Still, Megos kind of earned the victory with problem #2, which seemed the most rock-climbing-like boulder problem. And on problem #4 he was superior as well, but bouldering on straight rectangular features is kind of strange also. And I definitely would like to speak up against dual-textured holds in general: this just introduces an arbitrary complication that does not really exist as such in rock - you can have higher or weaker friction, but not friction and no friction just next to each other.
OffLine Jason Crank
  2018-11-27 18:48:26    
Sebastian - This sounds like a fun game (like 'Presidential Knife Fight'). We should start a thread....

Pick 6-8 climbers to compete against eachother, assuming time travel and they could all be in their respective prime.

I'm thinking, for me: Steven Jeffery, Sean McColl, Jason Kehl, Vasya Vorotnikov, Killian Fishuber, Malcolm Smith, Jan Hojer, and Dmitiri Sharifutinov.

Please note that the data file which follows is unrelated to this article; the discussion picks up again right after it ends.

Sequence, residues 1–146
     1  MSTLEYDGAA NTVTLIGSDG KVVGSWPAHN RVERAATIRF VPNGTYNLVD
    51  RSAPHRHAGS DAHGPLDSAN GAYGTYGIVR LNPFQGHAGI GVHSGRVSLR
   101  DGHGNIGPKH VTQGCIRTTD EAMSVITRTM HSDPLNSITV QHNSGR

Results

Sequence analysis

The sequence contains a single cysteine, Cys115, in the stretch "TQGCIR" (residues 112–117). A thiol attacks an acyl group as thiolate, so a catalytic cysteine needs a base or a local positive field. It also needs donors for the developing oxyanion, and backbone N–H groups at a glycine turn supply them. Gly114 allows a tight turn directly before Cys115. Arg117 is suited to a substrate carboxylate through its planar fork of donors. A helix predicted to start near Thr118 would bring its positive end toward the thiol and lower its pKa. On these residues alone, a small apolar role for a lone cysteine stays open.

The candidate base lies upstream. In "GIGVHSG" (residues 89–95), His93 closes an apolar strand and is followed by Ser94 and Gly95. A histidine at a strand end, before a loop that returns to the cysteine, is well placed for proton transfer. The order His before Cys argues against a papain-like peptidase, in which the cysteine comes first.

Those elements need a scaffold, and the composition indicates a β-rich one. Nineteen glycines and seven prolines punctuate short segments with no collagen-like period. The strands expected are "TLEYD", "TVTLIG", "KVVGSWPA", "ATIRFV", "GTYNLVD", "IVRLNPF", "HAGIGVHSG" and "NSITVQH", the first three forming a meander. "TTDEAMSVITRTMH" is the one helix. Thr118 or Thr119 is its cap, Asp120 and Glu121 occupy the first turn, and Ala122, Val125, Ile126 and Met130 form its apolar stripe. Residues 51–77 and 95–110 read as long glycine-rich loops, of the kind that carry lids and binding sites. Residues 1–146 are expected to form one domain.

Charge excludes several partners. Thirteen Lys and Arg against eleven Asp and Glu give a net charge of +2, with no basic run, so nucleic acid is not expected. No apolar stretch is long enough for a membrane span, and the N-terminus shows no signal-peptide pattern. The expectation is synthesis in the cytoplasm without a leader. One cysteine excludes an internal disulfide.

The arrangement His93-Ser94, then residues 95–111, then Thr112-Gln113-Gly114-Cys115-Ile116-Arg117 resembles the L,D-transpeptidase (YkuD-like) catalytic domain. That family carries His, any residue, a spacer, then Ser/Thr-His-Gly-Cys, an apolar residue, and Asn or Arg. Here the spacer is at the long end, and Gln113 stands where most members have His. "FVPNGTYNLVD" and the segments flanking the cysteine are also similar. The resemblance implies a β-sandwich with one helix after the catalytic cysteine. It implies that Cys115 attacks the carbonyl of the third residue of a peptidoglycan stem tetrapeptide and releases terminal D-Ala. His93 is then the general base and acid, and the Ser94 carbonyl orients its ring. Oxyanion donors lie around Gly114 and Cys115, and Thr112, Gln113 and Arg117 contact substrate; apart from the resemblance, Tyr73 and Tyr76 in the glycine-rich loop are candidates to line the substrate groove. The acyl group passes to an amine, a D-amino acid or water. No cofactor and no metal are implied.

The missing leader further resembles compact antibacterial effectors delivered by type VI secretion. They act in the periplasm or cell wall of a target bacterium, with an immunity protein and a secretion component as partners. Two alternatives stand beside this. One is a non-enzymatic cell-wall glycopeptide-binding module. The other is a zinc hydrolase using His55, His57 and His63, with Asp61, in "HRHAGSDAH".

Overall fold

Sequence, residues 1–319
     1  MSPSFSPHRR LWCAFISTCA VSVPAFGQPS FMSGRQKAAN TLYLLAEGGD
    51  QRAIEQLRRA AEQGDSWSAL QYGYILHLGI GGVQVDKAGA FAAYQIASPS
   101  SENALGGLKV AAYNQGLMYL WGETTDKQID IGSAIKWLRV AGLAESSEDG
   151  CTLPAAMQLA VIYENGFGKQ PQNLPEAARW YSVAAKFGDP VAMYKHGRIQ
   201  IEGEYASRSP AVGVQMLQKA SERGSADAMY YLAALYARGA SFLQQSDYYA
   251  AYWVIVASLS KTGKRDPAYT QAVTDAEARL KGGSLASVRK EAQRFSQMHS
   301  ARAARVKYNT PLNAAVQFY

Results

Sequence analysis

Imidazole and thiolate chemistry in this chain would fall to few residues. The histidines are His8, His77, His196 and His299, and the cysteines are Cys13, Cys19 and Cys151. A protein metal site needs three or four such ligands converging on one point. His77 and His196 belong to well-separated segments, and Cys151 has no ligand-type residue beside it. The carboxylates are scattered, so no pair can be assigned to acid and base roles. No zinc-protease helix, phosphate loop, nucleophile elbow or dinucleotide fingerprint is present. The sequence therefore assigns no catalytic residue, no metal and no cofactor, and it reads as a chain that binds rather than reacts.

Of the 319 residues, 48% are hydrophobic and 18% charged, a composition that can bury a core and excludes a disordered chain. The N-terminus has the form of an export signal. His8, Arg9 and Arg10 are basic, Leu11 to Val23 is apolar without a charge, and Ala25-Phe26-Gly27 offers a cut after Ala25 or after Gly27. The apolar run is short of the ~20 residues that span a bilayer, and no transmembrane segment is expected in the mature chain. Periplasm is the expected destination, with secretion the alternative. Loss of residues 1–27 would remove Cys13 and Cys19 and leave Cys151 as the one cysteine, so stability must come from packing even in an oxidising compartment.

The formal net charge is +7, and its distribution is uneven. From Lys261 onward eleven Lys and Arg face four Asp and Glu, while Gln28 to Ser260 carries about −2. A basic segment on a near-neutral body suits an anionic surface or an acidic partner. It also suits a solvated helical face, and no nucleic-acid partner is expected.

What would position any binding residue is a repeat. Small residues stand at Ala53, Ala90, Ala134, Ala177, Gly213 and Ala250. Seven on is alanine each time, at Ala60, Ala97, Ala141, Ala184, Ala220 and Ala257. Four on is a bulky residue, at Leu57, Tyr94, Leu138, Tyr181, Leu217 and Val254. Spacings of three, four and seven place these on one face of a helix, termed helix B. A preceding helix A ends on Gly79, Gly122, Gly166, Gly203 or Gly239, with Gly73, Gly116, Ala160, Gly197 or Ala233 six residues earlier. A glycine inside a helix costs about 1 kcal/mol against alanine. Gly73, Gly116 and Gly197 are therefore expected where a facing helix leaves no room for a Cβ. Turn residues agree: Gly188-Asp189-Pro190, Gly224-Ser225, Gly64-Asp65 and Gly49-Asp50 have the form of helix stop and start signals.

OffLine Zach Galla
  2018-11-30 14:03:23    
The coordination style of boulders is almost necessary in today's competition climbing because everyone is so physically strong. New and unique movements are what form the separation in the results. A straight forward crimp ladder would most likely cause all the climbers to have a similar score. Also, as climbing creeps into the public eye, the difficulty and complexity of this style is far easier to understand to someone who dose not climb, which will help take the sport to the next level.
OffLine User Deactivated
  2018-11-30 23:20:12